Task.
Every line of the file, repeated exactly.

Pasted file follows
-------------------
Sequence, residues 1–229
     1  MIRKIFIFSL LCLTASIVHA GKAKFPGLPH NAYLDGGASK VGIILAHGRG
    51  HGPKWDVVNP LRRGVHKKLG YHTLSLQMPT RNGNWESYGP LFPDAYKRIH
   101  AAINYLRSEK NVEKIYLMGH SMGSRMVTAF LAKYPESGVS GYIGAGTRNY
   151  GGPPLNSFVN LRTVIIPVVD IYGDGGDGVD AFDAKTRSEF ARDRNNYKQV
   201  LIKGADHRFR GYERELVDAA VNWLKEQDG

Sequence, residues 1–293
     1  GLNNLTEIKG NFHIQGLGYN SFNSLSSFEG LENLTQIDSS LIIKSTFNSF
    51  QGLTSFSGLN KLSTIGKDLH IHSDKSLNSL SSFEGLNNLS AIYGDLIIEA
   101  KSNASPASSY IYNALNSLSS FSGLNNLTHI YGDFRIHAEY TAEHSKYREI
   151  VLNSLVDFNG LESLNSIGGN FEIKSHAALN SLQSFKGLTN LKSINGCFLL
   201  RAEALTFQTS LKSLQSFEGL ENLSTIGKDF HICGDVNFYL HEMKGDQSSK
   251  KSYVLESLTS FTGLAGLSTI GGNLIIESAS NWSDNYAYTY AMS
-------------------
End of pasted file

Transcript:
Sequence, residues 1–229
     1  MIRKIFIFSL LCLTASIVHA GKAKFPGLPH NAYLDGGASK VGIILAHGRG
    51  HGPKWDVVNP LRRGVHKKLG YHTLSLQMPT RNGNWESYGP LFPDAYKRIH
   101  AAINYLRSEK NVEKIYLMGH SMGSRMVTAF LAKYPESGVS GYIGAGTRNY
   151  GGPPLNSFVN LRTVIIPVVD IYGDGGDGVD AFDAKTRSEF ARDRNNYKQV
   201  LIKGADHRFR GYERELVDAA VNWLKEQDG

Sequence, residues 1–293
     1  GLNNLTEIKG NFHIQGLGYN SFNSLSSFEG LENLTQIDSS LIIKSTFNSF
    51  QGLTSFSGLN KLSTIGKDLH IHSDKSLNSL SSFEGLNNLS AIYGDLIIEA
   101  KSNASPASSY IYNALNSLSS FSGLNNLTHI YGDFRIHAEY TAEHSKYREI
   151  VLNSLVDFNG LESLNSIGGN FEIKSHAALN SLQSFKGLTN LKSINGCFLL
   201  RAEALTFQTS LKSLQSFEGL ENLSTIGKDF HICGDVNFYL HEMKGDQSSK
   251  KSYVLESLTS FTGLAGLSTI GGNLIIESAS NWSDNYAYTY AMS